Napping is Healthy—But Not for Everyone

  Afraid that your naps or sleeping in on the weekend may not be good for you? Well, not only can they help you make up for lost sleep, but research suggests that they may also be beneficial for cognitive function, memory, and (perhaps counterintuitively) help you fall asleep at night. The next time someone comments on your napping habit or forces you up early on a Saturday morning, you’ll be able to back up your extra shut eye with science!

Back To School: Lifestyle Hacks 101

In case you missed it, we’re doing a two-part series - Nutrition and Lifestyle - on ways to mentally and physically prepare yourself for the school year ahead. In last week’s edition, we examined the best ways to improve your cognitive ability through diet and nutrition. This week, we’re discussing lifestyle practices you can build into your routine to help you overcome the unexpected curveballs of a hectic ‘back to school’ schedule.

Have Trouble Sleeping? Increasing Vitamin D Can Help.

Did you know that vitamin D, also known as the “sunshine vitamin,” plays a big role in your night, too? If your vitamin D levels are on the lower end, it could actually be affecting your sleep. Worry not, though! Below, we’ll go over the evidence behind the effect vitamin D has on sleep and give you some suggestions for your best night of rest yet.

Sleep Like a Pro! Advice from Spartan Race Director of Sport, Joe DI

Here at InsideTracker, we aim to bring you content you can use everyday: in the gym, on the race-course, on the road, at work, and at home. That's why we're excited to welcome a new guest blogger to the platform: Joe DiStefano, better known as“Joe DI”, is Director of Sport at Spartan Race, and he's a longtime friend and user of InsideTracker. Over the next few months, Joe will be sharing some of his incredible training insight on our blog. Be sure to subscribe.   In his guest blog debut, Joe DI ...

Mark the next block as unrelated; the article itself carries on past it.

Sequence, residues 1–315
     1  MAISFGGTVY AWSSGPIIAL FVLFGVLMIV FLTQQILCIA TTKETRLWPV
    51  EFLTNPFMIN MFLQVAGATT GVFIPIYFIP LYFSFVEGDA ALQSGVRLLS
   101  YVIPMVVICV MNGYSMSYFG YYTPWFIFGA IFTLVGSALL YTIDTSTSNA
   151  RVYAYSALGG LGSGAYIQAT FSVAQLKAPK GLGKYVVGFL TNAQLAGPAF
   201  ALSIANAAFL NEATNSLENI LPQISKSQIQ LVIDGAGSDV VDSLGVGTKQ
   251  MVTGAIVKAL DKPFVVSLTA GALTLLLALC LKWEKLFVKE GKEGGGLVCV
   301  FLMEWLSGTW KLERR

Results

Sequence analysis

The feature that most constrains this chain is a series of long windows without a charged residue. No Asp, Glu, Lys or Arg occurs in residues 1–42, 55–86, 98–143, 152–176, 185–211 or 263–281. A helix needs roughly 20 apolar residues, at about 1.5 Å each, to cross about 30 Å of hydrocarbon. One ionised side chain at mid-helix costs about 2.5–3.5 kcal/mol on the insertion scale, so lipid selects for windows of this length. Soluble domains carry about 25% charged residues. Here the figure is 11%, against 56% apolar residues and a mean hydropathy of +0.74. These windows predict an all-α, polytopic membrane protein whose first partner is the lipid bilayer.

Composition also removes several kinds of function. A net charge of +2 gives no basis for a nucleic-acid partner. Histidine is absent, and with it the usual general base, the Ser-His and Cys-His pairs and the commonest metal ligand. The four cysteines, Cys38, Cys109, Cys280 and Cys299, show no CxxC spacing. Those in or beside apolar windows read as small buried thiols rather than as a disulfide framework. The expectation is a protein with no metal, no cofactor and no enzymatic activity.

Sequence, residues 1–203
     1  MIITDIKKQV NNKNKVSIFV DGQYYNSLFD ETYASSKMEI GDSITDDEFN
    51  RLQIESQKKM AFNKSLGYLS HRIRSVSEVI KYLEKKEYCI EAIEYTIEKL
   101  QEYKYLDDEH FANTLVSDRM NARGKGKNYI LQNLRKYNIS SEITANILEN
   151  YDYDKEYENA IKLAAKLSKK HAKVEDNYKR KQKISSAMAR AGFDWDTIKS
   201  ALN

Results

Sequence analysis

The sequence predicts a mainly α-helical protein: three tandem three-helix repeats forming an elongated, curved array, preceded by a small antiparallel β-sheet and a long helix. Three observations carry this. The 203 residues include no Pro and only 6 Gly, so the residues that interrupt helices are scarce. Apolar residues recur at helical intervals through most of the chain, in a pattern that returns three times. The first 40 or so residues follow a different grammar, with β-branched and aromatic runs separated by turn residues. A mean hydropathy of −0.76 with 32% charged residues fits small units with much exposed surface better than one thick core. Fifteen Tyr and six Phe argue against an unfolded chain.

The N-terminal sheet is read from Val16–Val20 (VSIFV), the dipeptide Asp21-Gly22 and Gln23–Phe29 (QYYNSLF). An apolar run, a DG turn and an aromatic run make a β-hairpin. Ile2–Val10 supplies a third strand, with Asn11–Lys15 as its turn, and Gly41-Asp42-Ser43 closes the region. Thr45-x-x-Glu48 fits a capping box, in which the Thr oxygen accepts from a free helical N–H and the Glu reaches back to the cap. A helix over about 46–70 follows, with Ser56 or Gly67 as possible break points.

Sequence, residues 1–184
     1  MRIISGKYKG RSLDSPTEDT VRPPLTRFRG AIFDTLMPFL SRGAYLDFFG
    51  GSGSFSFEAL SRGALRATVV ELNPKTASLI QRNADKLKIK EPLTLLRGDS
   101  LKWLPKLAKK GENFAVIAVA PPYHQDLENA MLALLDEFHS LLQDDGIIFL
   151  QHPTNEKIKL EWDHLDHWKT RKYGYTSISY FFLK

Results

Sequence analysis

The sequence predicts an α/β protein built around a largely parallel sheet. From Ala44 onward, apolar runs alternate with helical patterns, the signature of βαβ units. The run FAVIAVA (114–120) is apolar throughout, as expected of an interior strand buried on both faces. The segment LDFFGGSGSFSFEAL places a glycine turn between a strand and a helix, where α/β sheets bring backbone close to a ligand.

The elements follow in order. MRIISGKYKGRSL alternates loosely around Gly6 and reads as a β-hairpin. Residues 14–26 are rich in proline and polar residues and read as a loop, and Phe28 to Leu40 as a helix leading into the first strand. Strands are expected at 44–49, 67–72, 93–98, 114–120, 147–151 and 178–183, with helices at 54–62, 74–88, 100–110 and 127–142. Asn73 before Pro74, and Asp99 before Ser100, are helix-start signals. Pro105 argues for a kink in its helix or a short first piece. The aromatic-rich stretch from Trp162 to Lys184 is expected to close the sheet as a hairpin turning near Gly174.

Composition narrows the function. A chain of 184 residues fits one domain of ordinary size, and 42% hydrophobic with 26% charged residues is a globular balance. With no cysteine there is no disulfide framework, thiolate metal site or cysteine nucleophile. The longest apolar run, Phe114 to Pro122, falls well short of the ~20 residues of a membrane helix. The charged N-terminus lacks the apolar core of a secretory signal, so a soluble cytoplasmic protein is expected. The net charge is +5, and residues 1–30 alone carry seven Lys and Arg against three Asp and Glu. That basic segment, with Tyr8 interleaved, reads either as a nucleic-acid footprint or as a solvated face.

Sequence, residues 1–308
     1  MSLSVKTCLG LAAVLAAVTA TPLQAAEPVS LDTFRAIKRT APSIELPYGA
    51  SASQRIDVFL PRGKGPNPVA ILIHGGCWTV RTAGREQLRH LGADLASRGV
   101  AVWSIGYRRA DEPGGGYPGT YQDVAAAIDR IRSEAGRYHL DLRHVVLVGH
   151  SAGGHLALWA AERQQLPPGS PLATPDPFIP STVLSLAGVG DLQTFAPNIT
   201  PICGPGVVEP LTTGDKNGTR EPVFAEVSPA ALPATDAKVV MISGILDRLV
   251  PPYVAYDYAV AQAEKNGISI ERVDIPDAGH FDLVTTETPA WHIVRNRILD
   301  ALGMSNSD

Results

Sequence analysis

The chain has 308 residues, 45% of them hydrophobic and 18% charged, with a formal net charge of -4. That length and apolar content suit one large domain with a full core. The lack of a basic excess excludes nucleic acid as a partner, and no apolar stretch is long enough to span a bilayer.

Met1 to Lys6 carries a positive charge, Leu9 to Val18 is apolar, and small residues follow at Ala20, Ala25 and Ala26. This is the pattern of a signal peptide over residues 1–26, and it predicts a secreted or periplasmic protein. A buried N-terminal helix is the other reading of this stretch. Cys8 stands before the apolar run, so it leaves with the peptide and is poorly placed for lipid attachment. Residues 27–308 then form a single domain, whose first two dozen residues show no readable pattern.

Sugar Rush: Glucose Levels in Athletes

  One hundred million Americans are expected to watch the Super Bowl this Sunday, and one key player we are interested in watching is Seattle’s Skittles-fueled running back, Marshawn Lynch. In ESPN’s Sport Science, John Brenkus and colleagues tested Lynch’s glucose levels, reaction time, and strength before and after ingesting candy. Any scientific researcher knows that this overly simplistic test construction and small sample size is insufficient for publication, but we hope more teams will ...
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